Wednesday, April 14, 2010

Genealogy Merit Badge - Boy Scout Requirements

I was recently asked to be a counselor for Boy Scouts in the Chula Vista area for the Genealogy Merit Badge, so thought it might make an interesting blog post.

The requirement for obtaining the merit badge is posted on the Boy Scout Trail website here:

1. Explain to your counselor what the words genealogy, ancestor, and descendant mean.

2. Do ONE of the following:

a. Do a time line for yourself or for a relative. Then write a short biography based on that time line.
b. Keep a journal for 6 weeks. You must write in it at least once a week.


3. With your parent's help, choose a relative or a family acquaintance you can interview in person, by telephone, or by e-mail or letter. Record the information you collect so you do not forget it.

4. Do the following:

a. Name three types of genealogical resources and explain how these resources can help you chart your family tree.
b. Obtain at least one genealogical document that supports an event that is or can be recorded on your pedigree chart or family group record. The document could be found at home or at a government office, religious organization, archive, or library.
c. Tell how you would evaluate the genealogical information you found for requirement 4b.


5. Contact ONE of the following individuals or institutions. Ask what genealogical services, records, or activities this individual or institution provides, and report the results:

a. A genealogical or lineage society
b. A professional genealogist (someone who gets paid for doing genealogical research)
c. A surname organization, such as your family's organization
d. A genealogical education facility or institution.
e. A genealogical record repository of any type (courthouse, genealogical library, state or national archive, state library, etc.)

6. Begin your family tree by listing yourself and include at least two additional generations. You may complete this requirement by using the chart provided in the Genealogy merit badge pamphlet or the genealogy software program of your choice.

7. Complete a family group record form, listing yourself and your brothers and sisters as the children. On another family group record form, show one of your parents and his or her brothers and sisters as the children. This requirement may be completed using the chart provided or the genealogy software program of your choice.

8. Do the following:

a. Explain the effect computers and the Internet are having on the world of genealogy.
b. Explain how photography (including microfilming) has influenced genealogy.


9. Discuss what you have learned about your family and your family members through your genealogical research.

A Genealogy Worksheet in PDF format for the Scout to complete is posted here.

This seems like a pretty reasonable course of action to earn a Merit Badge for a Boy Scout. Is there a similar Merit Badge for Girl Scouts?

I look forward to helping the young men in the Chula Vista area with their genealogy Merit Badge work.

5 comments:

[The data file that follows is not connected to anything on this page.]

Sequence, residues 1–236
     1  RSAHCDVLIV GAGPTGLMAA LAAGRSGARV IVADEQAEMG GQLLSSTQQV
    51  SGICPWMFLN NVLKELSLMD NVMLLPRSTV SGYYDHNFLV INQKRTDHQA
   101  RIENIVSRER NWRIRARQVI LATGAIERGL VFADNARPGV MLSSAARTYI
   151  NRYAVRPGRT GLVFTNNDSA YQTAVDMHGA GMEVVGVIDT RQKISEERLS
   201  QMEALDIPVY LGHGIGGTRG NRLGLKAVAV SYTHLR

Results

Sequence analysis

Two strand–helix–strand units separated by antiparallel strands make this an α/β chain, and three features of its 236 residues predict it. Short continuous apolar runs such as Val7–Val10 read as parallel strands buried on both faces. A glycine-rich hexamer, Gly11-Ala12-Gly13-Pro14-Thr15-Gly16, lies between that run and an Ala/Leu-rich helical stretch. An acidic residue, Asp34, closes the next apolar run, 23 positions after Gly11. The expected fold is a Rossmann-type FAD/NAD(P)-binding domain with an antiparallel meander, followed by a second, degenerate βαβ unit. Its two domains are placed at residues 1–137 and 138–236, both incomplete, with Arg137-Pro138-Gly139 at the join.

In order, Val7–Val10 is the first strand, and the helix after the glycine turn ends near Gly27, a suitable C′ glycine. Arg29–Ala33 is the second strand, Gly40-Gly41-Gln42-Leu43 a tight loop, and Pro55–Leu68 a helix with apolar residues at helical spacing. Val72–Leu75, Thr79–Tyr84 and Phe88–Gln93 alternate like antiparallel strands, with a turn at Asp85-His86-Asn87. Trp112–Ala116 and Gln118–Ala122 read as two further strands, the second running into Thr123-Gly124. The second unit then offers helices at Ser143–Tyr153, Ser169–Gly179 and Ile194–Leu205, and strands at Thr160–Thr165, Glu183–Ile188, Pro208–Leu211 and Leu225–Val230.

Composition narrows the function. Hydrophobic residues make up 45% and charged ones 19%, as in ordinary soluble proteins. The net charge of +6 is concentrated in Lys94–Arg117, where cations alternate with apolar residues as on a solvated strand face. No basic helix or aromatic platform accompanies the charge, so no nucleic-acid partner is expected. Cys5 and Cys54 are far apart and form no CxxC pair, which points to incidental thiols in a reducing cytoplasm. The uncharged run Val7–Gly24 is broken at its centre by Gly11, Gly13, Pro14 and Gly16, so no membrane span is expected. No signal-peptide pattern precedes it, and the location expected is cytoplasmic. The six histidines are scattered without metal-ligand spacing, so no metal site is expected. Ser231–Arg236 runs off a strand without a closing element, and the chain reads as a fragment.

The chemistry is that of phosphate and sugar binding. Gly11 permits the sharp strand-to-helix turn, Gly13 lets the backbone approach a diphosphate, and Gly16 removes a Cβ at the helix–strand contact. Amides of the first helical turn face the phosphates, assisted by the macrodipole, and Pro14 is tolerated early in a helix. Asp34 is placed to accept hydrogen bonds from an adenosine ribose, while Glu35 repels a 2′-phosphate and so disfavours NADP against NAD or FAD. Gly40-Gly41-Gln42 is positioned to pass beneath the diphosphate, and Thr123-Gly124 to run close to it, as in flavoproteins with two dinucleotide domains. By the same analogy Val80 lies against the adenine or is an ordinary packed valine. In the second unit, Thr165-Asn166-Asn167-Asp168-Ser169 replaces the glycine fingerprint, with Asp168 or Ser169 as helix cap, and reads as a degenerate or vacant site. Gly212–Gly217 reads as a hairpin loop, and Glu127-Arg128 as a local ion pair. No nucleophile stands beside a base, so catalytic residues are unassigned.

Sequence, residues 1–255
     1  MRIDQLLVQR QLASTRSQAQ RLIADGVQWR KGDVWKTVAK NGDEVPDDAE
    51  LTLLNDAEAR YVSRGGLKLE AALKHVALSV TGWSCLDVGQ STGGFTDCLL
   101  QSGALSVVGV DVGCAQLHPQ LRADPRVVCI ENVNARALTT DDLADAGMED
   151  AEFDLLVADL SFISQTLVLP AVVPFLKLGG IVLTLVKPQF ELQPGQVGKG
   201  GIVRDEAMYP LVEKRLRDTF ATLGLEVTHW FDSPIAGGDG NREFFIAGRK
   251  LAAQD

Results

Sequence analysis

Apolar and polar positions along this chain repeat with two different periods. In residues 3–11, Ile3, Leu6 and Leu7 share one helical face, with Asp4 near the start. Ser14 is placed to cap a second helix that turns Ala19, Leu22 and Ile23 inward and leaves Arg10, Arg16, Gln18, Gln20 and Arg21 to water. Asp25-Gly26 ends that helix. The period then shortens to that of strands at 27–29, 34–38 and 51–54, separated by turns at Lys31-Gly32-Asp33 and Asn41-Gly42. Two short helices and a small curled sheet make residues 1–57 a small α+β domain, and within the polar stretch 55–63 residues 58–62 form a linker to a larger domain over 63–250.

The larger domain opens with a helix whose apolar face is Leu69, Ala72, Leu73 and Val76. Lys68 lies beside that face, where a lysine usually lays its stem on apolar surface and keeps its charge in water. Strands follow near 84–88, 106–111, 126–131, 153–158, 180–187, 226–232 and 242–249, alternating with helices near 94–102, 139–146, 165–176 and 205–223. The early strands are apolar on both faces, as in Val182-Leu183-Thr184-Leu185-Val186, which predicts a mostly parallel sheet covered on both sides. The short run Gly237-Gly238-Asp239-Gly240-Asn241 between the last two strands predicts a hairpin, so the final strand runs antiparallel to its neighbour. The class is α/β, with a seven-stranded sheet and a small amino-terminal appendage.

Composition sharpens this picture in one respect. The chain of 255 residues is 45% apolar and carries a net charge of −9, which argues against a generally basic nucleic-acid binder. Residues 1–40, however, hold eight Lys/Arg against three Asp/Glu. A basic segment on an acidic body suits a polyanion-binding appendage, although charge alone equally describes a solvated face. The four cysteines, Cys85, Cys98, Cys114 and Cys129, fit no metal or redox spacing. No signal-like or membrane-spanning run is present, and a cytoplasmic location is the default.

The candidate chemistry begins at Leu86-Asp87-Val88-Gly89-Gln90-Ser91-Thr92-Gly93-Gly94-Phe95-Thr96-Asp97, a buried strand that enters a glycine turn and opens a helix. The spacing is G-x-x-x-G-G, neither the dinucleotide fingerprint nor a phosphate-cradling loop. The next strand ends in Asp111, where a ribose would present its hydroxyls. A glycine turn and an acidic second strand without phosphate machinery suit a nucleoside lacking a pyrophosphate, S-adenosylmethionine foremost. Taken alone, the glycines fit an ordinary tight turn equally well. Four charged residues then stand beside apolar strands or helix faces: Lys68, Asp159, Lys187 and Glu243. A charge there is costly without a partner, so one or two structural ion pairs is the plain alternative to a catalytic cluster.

Paula from SCGS said...

Hi Randy! Great post about the Boy Scout Genealogy Badge. Did you know that our Kids' Family History Camp at Jamboree is built around the requirements for the badge, and nearly 80 Scouts earned their badge last year? We'll have another badge workshop in 2010. If you want more information about the Kids' Family History Camp, you can read all about it at http://tinyurl.com/y4tpbx9

Barbara said...

Sounds like a perfect project for you, and the boys will be so lucky to have you as their instructor. Have fun.

Heather Rojo said...

There is no equivilant for the Girl Scouts, although there are some badges for Women's History etc. that do a little bit of some of these activities. The girls today also earn pins and charms for a bracelet. I ran a special interest group for the Girl Scouts for genealogy. We met for six weeks and did field trips, etc. It was just for fun, but no badges earned.

Donna Jane said...

Randy,
This is from the Tippiecanoe (IN)Historical website. Could be adapted for SCGS. The actual badge requirements can be found at GSUSA.org.

Daisies:
Enter the past--learn about how people used to live in the Fowler House, tour the Moses Fowler House, and play with simple old-fashioned toys.

Brownies:
Earn the Listening to the Past badge in one day! Activities include old-fashioned games and toys, learning and acting out stories from the past, and a walking tour of old Lafayette buildings.

Juniors:
Earn the Local Lore badge in one day! Learn about the Moses Fowler House, explore ways that Tippecanoe County has changed, and use your creativity to tell others about the past or the future. Program length: two hours.

Cadettes and Seniors:
Enjoy activities that contribute to the Heritage Hunt and Women Through Time badges. Search the Moses Fowler House and make a timeline of our county’s history. Compare modern households to Tippecanoe County homes in the past. Learn about life for women in Victorian times and experience toys and pastimes of girls in the past.

Liz said...

@Donna Jane, thanks for the link to that site. Great activities there! It reinforces what was my impression as a Girl Scout leader, which was that badges like Listening to the Past and Women Through Time could easily be adapted to genealogy activities. There's a fair amount of leeway for individual troop leaders to tailor a program.